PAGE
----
Kenyan businesses lately are increasingly becoming recipients of U.S. government largesse, as the Obama Administration, among pursuing other endeavors, aims to expand “livestock-related economic opportunities” in that nation. Although this and other recently released presolicitation notices for unrelated programs serve as advance alerts to potential vendors—and therefore do not offer cost estimates and other details—a review of U.S. government contracting actions nonetheless indicates a spike of activity in Kenya in a variety of sectors.
The White House is committing to a five-year effort to “improve the inclusiveness and competitiveness” of the livestock industry specifically in Marsabit and Garissa counties, Kenya, according to a presolicitation notice released April 12 that U.S. Trade & Aid Monitorlocated via routine database research.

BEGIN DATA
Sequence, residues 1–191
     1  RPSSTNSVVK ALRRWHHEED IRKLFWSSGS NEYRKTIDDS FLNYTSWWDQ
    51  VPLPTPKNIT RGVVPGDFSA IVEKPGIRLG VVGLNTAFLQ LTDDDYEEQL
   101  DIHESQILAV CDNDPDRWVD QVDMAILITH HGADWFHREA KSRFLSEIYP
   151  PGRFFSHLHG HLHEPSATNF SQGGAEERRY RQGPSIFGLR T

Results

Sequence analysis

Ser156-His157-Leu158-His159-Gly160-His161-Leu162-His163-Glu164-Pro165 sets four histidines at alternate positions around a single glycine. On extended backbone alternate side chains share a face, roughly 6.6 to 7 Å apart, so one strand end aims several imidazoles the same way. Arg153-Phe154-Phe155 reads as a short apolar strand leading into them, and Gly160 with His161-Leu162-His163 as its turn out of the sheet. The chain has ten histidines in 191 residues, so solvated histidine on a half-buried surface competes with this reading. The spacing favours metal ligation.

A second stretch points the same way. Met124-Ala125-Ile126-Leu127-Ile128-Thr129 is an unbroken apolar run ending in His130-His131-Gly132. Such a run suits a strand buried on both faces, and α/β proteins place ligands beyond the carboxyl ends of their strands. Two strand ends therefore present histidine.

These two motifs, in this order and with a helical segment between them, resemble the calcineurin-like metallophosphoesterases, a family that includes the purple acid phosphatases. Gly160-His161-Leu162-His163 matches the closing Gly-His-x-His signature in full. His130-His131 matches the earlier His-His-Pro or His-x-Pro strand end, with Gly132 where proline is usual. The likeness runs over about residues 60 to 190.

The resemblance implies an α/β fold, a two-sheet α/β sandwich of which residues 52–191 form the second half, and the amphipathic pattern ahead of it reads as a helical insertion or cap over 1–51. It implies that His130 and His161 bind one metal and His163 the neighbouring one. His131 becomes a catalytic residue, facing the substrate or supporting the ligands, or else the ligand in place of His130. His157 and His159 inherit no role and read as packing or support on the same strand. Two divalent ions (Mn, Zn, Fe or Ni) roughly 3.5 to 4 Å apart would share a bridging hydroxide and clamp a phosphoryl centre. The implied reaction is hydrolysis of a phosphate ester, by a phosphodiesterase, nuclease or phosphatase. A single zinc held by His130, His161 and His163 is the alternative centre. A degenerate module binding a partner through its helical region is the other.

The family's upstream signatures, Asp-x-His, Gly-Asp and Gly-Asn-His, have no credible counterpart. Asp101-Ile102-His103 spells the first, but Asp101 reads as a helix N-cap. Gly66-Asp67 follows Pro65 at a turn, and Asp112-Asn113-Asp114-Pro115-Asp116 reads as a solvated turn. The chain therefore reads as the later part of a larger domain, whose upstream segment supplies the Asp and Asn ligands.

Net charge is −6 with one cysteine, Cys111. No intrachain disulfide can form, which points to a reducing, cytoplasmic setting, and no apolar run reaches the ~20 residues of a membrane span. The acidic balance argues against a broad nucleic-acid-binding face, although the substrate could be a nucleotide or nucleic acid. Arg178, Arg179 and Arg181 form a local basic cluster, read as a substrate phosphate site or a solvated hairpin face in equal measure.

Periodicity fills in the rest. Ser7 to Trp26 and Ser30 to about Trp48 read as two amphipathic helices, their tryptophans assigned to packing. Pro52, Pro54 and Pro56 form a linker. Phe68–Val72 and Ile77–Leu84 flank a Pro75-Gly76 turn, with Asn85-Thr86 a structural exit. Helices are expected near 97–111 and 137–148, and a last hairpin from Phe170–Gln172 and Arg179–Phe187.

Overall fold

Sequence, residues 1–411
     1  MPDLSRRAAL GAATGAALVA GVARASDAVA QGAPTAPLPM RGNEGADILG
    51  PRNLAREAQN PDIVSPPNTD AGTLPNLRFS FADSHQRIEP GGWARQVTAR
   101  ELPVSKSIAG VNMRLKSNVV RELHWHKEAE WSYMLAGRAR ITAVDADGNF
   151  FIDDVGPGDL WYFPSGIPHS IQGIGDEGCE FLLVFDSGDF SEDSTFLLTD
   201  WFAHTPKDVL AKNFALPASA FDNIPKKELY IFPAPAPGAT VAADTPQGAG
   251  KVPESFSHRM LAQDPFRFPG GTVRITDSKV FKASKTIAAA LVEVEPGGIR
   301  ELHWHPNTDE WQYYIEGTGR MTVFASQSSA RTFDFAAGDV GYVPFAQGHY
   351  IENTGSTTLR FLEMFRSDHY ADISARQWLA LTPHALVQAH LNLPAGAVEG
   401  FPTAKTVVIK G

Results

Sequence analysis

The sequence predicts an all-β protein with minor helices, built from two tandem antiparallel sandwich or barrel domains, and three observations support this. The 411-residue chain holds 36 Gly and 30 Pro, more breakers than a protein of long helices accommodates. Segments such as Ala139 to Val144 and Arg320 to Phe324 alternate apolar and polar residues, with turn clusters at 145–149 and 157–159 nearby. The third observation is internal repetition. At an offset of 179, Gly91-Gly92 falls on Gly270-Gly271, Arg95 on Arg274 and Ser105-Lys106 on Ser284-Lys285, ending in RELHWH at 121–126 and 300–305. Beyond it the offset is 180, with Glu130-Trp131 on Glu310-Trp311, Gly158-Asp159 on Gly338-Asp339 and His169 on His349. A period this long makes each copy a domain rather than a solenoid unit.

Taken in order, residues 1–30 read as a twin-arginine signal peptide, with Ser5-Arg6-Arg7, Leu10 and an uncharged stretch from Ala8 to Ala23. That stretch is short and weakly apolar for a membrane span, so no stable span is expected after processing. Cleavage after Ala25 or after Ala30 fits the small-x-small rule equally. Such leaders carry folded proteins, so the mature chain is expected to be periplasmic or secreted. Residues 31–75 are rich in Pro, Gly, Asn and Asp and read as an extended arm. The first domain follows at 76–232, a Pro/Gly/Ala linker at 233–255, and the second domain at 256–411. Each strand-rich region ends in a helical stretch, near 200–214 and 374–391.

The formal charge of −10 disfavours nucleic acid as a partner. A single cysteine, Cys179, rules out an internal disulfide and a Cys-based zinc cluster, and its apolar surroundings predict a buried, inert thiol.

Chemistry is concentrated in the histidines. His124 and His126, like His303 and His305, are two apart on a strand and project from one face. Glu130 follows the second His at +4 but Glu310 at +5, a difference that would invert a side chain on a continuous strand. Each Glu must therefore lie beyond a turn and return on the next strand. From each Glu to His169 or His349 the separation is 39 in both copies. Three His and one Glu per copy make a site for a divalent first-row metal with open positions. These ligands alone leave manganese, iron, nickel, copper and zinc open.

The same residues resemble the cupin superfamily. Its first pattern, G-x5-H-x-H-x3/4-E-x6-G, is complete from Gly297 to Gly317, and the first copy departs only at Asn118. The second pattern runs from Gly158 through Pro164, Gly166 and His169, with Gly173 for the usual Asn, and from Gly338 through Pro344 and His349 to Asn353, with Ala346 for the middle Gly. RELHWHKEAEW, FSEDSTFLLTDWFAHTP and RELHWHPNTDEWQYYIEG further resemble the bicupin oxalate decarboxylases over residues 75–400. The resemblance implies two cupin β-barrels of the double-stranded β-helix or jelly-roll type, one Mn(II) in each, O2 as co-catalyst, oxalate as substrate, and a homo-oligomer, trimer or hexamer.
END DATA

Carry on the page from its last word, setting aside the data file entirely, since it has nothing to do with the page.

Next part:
USAID that same day separately alerted potential contractors to the launching of yet another endeavor in that nation, known as the Kenya Agricultural Value Chain Enterprises, or KAVES, program.
Other recent contracting actions include:
- Up to $50 million in U.S. Navy-coordinated military construction projects on the horizon at Camp Simba, Kenya, and at Camp Lemonnier, Djibouti.
- Deployment to Kenya of a privately contracted Regional Advisor for USAID’s Office of U.S. Foreign Disaster Assistance (OFDA) as well as an Emerging Pandemic Threats Advisor.
- A U.S. Trade & Development Agency-led search for a contractor to perform a “definitional mission” exploring possible funding of geothermal energy projects in Kenya and Rwanda.
The above-mentioned endeavors have taken place in recent weeks; however, other notable U.S.-funded Kenyan projects thus far in 2012 include the launching of a National Institutes of Health-led initiative to hire contractors to conduct genetic research of Kenyans with Type-2 diabetes. Separately, the U.S. Army embarked upon a market survey of potential vendors to provide helicopter flight-training simulators to the Kenyan government.